Assessing the Barbados SSB Tax

Assessing the Barbados SSB Tax

Evaluating and guiding policy decision-making in the Caribbean on the taxation of Sugar Sweetened Beverages

There is increasing international interest in using fiscal measures on food and non-alcoholic beverages as preventive measures for NCDs. A specific recommendation is to increase the tax on sugar sweetened beverages (SSBs), so that they are more expensive that non-sugar sweetened beverages. In the June Budget Statement in 2015 the Government of Barbados announced a 10% tax on SSBs, and this came into effect on September 1, 2015. The aims of the study are to evaluate the potential impact of a tax on SSBs in Barbados, develop methods that can be applied in other Caribbean countries to evaluate the impact of a tax on SSBs, and inform policy decision making on SSB taxes within the Caribbean region.

Prior to the tax, year-on-year price growth of SSBs and non-SSBs was very similar (approximately 1%). During the quarter in which the tax was implemented, the trends diverged, with SSB prices growing by almost 3% while prices of non-SSBs decreased slightly. The growth of SSB prices outpaced non-SSBs prices in each quarter thereafter, reaching 5.9% growth compared to <1% for non-SSBs.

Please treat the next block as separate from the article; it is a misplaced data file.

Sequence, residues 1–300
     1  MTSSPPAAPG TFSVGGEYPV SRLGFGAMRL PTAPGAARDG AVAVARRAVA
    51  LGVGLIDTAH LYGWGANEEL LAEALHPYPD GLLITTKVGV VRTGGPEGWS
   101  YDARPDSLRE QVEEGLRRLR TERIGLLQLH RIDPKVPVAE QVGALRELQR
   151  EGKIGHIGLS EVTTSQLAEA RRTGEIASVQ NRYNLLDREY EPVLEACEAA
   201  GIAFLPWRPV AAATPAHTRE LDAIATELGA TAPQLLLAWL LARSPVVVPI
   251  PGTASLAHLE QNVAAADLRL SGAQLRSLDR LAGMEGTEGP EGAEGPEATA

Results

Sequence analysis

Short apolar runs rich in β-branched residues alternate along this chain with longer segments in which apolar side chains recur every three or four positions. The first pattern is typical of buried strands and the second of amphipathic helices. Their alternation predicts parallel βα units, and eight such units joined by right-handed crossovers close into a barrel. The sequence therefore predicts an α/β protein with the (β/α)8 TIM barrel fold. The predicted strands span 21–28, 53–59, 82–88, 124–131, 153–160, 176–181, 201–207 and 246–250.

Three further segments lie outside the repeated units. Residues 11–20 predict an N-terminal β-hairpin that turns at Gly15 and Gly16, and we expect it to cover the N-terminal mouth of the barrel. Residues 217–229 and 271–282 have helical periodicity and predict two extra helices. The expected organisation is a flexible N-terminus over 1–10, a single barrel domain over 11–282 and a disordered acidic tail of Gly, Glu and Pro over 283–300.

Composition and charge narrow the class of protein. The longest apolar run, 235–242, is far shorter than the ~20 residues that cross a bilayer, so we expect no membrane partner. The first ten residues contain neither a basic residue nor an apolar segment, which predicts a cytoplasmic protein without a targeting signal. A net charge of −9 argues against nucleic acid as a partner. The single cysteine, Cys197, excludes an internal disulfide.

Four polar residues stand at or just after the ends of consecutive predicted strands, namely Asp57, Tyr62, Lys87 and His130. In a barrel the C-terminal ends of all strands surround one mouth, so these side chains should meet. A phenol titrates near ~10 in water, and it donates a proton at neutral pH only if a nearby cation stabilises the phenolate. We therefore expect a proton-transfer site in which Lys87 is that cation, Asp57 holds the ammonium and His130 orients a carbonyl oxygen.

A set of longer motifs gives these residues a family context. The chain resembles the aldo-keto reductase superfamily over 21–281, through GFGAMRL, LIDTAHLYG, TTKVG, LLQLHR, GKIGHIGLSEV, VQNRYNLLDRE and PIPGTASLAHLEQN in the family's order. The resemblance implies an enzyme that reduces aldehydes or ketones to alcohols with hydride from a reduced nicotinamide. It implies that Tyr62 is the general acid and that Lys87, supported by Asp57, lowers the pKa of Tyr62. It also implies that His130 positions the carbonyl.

Future analyses will assess the trends in prices of SSBs and non-SSBs over a longer period and will integrate price data from additional sources to assess heterogeneity of post-tax price changes. A continued examination of the impact of the SSB tax in Barbados will expand the evidence base available to policymakers worldwide in considering SSB taxes as a lever for reducing the consumption of added sugars at the population level.

Download our article on methods for assessing SSB taxation.

Download our article on price trends after SSB introduction.

Ian Hambleton
Ian Hambleton
Professor of Biostatistics and Informatics

PhD-level statistician / data scientist

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